At their summit in the Maltese capital, Valletta, European Council leaders have agreed to do all they can to halt the flow of African refugees and asylum seekers across the Central Mediterranean.

This is effectively the last route left for men, women and children attempting to flee repressive African dictators.

The European leaders agreed on a declaration (below) which includes this phrase: They are “seeking to ensure adequate reception capacities and conditions in Libya for migrants, together with the UNHCR and IOM.”

The phrase is vague, but it would appear to open the way to the establishment of Australian style detention centres in Libya – away from the European mainland.

MSF, UNHCR, IOM criticism

The declaration has already been condemned by MSF, which issued this statement tonight:

“With their ‘Malta Declaration’ on the Central Mediterranean, the European Council is delusional about just how dangerous the situation in Libya really is. Those we rescue on our boats tell us that people still there are starving in detention centres, harassed and abused. The last thing these people need is for the EU and Italy to join the list of predators.

This declaration is yet more evidence that the EU leaders’ only aim is “stemming the flow”. Today was not about saving lives, it’s clear that the EU is ready to sacrifice thousands of vulnerable, men, women and children in order to stop them reaching European shores.

The declaration does not refer to any alternatives for people who are unable to stay in Libya and would be at risk if they were returned home. The suggested ways of improving the situation in Libya for refugees and other migrants are dangerously lacking in detail. In short, the plan, is nothing more than another attempt to keep them away from European shores.”

– Arjan Hehenkamp, General Director of MSF

Earlier today the UNHCR and IOM put out a separate appeal calling on the European leaders not to establish detention centres in Libya. (See full text at end of blog)

“We believe that, given the current context, it is not appropriate to consider Libya a safe third country nor to establish extraterritorial processing of asylum-seekers in North Africa.”

Speaking to the press the Maltese Prime Minister Joseph Muscat said the plan was no silver bullet but expressed confidence it could help stem the flow of migrants from Libya.

“We know Libya is in a particular situation but this must not be an excuse to do nothing; if anything it is a reason to do more with Libya,” he said at a press briefing attended also by Council president Donald Tusk and European Commission president Jean-Claude Juncker.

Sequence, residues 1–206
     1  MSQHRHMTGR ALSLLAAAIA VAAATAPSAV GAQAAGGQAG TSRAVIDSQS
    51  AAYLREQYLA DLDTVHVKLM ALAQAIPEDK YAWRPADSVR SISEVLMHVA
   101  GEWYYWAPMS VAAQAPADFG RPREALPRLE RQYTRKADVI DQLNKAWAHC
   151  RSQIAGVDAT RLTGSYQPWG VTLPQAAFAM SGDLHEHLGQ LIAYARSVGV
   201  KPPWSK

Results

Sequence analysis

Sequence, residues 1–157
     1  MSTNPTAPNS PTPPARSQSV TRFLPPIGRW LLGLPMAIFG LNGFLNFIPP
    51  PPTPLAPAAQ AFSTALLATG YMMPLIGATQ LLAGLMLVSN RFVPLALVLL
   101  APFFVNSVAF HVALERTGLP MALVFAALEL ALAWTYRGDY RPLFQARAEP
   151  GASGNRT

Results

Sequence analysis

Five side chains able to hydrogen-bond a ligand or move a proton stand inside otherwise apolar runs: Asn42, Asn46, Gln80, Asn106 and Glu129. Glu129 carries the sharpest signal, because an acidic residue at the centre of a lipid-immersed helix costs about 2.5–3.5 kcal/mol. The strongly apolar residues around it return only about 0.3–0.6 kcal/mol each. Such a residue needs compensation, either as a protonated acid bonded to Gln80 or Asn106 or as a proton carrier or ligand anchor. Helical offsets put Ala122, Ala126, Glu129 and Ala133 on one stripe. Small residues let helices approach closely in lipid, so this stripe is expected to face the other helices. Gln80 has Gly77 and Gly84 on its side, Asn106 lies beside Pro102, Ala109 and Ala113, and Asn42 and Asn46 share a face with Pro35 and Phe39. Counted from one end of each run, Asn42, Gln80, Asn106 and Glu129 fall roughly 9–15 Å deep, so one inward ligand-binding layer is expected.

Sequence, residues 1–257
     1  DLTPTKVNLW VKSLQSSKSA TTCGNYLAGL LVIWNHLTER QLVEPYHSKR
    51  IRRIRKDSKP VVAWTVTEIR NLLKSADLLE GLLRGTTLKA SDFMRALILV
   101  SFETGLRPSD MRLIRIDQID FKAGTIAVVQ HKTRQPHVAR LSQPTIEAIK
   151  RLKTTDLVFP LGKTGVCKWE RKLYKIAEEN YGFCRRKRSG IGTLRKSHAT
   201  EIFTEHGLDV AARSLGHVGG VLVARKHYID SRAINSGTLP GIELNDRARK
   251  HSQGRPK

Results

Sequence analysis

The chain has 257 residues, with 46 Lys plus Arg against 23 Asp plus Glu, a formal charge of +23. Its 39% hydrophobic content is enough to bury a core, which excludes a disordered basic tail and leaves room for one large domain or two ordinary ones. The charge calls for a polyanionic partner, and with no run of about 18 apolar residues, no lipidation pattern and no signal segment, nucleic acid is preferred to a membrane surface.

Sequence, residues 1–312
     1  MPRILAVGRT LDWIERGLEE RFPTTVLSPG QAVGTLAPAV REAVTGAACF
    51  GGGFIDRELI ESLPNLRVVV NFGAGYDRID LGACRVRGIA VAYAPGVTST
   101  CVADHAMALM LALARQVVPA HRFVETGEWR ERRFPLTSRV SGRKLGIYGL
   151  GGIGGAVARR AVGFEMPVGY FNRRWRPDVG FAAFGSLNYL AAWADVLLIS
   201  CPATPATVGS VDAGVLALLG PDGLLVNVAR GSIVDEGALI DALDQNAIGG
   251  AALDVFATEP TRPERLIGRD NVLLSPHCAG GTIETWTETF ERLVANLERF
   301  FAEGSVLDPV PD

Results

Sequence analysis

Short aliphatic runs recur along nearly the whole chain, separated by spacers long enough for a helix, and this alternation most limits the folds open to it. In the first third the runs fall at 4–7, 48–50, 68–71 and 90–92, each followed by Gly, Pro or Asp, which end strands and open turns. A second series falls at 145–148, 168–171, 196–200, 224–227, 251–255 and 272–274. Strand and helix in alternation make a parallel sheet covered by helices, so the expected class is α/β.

European politicians, under intense domestic pressure to reduce the arrival of refugees and migrants, are now close to sealing the Mediterranean as an escape route.

They already have a virtual “wall” across the sea, with Libya almost the only loophole remaining. It is this that they are attempting to block.



European Council PRESS RELEASE 43/17


Source: European Council

Malta Declaration by the members of the European Council on the external aspects of migration: addressing the Central Mediterranean route

  1. We welcome and support the Maltese Presidency’s efforts to take forward all elements of the EU’s comprehensive migration policy. We reaffirm our determination to act in full respect of human rights, international law and European values, and in conjunction with UNHCR and IOM.
  2. A key element of a sustainable migration policy is to ensure effective control of our external border and stem illegal flows into the EU. In 2016, arrivals decreased to one-third of the levels in 2015. On the Eastern Mediterranean route, while pressures remain, arrivals in the last four months of 2016 were down 98% year-on-year. We remain committed to the EU-Turkey Statement and the full and non-discriminatory implementation of all its aspects, as well as to continued support for the countries along the Western Balkans route.
  3. On the Central Mediterranean route, however, over 181,000 arrivals were detected in 2016, while the number of persons dead or missing at sea has reached a new record every year since 2013. With hundreds having already lost their lives in 2017 and spring approaching, we are determined to take additional action to significantly reduce migratory flows along the Central Mediterranean route and break the business model of smugglers, while remaining vigilant about the Eastern Mediterranean as well as other routes. We will step up our work with Libya as the main country of departure as well as with its North African and sub-Saharan neighbours.